A couple of years ago I declared the year of the female author. It had occurred to me that most, the vast majority in fact, of the authors I read up to that point were male. Not by deliberate choice, only that the genres I enjoy the most, crime fiction, mysteries, etc. were written to a disproportionate degree, by men.
I tried a few, and was fine with the change. I even tackled Janet Evanovich's 'Stephanie Plum' series, eleven separate volumes by that point I believe. I never picked up the rest of the series though, Not because of femality of the writing, but for the tired repetition of the formula. The first few were fine, the rest were like repackaged retreads. Men do that too.
I don't care for the uber-masculine writers, where women are always victims or two-timers or are constantly in need of male rescue. I like a strong, well described character, a flawed character, male, female, gay, I don't care.
I'm not sure the MWB will accept my application. I've done nothing to mask my gender, so if they are a strict 'Girl's Only' club they may reject me. Which I may not like, but rejection by women is something I am quite familiar with. Very, very familiar.
So what if Timmy wants to play with dolls, Jill wants to play football, Jack likes fashion week and Ann prefers hunting? Who cares?
My blogs do not exactly ooze testosterone, or estrogen either for that matter. . .Do they?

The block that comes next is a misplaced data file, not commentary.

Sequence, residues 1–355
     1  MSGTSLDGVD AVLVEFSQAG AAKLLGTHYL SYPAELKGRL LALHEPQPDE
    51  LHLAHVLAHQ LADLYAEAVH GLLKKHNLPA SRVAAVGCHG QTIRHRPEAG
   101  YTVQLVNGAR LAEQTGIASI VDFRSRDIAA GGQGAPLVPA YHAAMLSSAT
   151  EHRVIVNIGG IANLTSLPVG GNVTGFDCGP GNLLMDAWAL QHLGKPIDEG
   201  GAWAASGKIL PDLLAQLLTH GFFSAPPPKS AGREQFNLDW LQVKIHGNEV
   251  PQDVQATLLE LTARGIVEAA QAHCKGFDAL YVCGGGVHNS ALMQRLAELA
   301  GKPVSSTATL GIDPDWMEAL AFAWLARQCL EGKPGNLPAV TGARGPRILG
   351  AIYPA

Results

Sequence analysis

In my mind, when you set up gender specific organizations, you are severely limiting yourself. If you want to highlight women's issues and perspective, how do you do that without at least a little balance of perspective?
Granted there have been in our cultural history, many, and still are a few, 'men only' clubs. But we've been working for generations now to tear down those very walls. Knocking down those walls, jumping to the other side and rebuilding them doesn't accomplish the stated goal.
So hey missouriwomenbloggers.com, do you know what organization does not exist on the internet? missouribloggers .com, .org, .net., etc  
None of them have been registered as domains. Why the limitations ladies?

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Note: I won't be terribly upset if I am rejected simply because I have different baby parts from the gals. Maybe they just want to be off by themselves. Maybe they desire it and deserve it. It's a private club, they can make whatever rules they want. I'd never even heard of this group before I saw the comment. I also would not think to deliberately seek out articles limited to female OR male voices. Especially on subjects like gardening, photography, DIY and food.
No, let's only go to restaurants that WOMEN recommend!
I see that the Nikon camera is rated higher in price/performance/quality than the Canon, but how many of those evaluators were just MEN !?!
Maybe I just think differently.